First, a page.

• Offer antihypertensive treatment along with lifestyle advice to people of any age with persistent stage 2 hypertension. Use clinical judgement for people of any age who are frail or have multi-morbidity.
  • Discuss starting antihypertensive drug treatment, as well as lifestyle advice, with adults aged under 80 years with persistent stage 1 hypertension who have one or more of the following:
    • Target organ damage.
    • Established cardiovascular disease.
    • Renal disease.
    • Diabetes.
    • An estimated 10-year risk of cardiovascular disease of 10% or more.
  • Discuss with the person their individual cardiovascular risk and the risks and benefits of antihypertensive treatment. Those who decide not to take medication should be nevertheless encouraged to pursue appropriate lifestyle changes.
  • Offer antihypertensive treatment combined with lifestyle advice to people under 60 years with persistent stage 1 hypertension and a 10-year cardiovascular risk below 10%.
  • For people over 80 years with a clinic BP above 150/90 mm Hg, offer antihypertensive medication in addition to lifestyle advice, using clinical judgement to assess whether this is appropriate in cases of frailty or multi-morbidity.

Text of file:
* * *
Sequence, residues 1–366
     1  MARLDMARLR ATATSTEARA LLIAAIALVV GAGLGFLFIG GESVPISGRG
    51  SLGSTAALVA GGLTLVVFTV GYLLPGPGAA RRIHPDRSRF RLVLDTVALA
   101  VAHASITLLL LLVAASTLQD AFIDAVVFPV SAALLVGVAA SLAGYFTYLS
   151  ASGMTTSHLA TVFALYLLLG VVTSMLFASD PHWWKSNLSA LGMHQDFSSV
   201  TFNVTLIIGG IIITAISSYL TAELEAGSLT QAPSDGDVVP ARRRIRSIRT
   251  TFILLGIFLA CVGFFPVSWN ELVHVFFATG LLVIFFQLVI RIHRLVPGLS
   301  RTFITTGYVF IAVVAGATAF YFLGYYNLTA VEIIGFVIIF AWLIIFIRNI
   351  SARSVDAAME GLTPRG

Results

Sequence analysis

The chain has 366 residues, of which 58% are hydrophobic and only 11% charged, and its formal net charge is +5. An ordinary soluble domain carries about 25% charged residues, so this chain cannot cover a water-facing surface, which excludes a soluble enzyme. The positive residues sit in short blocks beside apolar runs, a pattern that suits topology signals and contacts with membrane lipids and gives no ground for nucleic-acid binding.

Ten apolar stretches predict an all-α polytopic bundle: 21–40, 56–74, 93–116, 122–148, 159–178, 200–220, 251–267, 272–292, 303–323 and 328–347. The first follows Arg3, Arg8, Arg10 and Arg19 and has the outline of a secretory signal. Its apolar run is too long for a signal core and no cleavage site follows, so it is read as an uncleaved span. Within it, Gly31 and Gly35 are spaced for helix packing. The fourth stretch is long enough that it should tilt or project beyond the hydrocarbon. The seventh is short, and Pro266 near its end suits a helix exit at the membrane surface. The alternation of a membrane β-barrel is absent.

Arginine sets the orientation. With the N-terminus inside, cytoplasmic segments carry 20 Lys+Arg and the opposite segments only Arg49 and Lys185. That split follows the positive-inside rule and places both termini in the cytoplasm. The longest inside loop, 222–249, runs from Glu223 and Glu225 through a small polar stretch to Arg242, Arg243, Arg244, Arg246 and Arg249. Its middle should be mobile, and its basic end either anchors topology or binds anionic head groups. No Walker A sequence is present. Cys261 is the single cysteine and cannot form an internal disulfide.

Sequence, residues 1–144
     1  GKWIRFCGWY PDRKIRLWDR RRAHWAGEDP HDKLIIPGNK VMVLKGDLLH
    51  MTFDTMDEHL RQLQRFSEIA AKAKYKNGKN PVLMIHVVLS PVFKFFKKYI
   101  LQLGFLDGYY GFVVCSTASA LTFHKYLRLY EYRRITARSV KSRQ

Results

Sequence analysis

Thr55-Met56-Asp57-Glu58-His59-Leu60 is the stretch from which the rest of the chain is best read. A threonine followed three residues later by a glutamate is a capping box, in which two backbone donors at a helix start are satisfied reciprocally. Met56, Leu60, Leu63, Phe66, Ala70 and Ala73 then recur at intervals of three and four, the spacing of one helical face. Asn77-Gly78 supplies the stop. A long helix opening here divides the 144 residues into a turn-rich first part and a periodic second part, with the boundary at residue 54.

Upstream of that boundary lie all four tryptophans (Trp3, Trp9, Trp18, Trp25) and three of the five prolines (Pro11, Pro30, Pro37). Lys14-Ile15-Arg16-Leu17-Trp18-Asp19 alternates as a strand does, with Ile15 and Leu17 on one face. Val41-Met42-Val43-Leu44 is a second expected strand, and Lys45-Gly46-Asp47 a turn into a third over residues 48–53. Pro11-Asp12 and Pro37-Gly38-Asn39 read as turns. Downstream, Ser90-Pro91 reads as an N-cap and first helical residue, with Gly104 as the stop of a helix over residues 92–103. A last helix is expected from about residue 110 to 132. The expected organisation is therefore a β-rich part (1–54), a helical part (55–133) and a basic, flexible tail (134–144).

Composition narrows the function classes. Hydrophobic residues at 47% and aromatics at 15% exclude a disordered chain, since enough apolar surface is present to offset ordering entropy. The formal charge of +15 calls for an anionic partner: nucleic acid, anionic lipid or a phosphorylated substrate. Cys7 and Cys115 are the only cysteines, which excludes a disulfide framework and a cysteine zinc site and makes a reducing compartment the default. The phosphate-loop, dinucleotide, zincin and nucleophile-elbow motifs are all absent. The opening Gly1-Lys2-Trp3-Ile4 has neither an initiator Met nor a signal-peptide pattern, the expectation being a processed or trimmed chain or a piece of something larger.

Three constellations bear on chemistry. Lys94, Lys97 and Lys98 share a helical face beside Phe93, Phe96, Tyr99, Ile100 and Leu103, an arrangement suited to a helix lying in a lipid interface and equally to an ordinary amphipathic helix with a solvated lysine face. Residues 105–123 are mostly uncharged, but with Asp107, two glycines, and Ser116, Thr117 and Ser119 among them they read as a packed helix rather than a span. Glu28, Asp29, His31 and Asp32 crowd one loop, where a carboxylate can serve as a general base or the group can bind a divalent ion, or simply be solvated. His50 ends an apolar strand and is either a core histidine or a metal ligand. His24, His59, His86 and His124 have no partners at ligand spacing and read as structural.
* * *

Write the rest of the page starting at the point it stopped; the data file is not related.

• Consider specialist referral in people under 40 years with hypertension, to rule out secondary causes and advise on the risks and benefits of long-term antihypertensive medication. 
Initial antihypertensive choices 
If the patient is young (≤55 years) and non-black, start with:
  • (A) angiotensin-converting enzyme (ACE) inhibitor or an angiotensin receptor blocker (ARB).
  • An ARB may be appropriate if ian ACE inhibitor is not tolerated (eg, due to cough).
  • Do not combine an ACE inhibitor with an ARB.
If the patient is aged >55 years 
  • (C) calcium-channel blocker (CCB).
  • (D) thiazide-like diuretic if CCB not suitable - eg, indapamide ((1.5 mg modified-release once daily or 2.5 mg once daily).

If the person is of black African or Caribbean family origin:

  • Offer a calcium channel blocker if the person does not have type 2 diabetes.
  • Consider an ARB rather than an ACE inhibitor unless the person has type 2 diabetes, in which case either can be offered.

For people with evidence of heart failure:

  • Offer a thiazide-like diuretic.
  • Use indapamide in preference to a conventional thiazide diuretic such as bendroflumethiazide or hydrochlorothiazide.
  • Continue with bendroflumethiazide or hydrochlorothiazide, for adults with hypertension who are already on such medication, and who have stable, well-controlled blood pressure.
Step 2 choices

  • Before moving on to step 2, check that the person is compliant with step 1.
  • ACE inhibitor or ARB with CCB or a thiazide-like diuretic.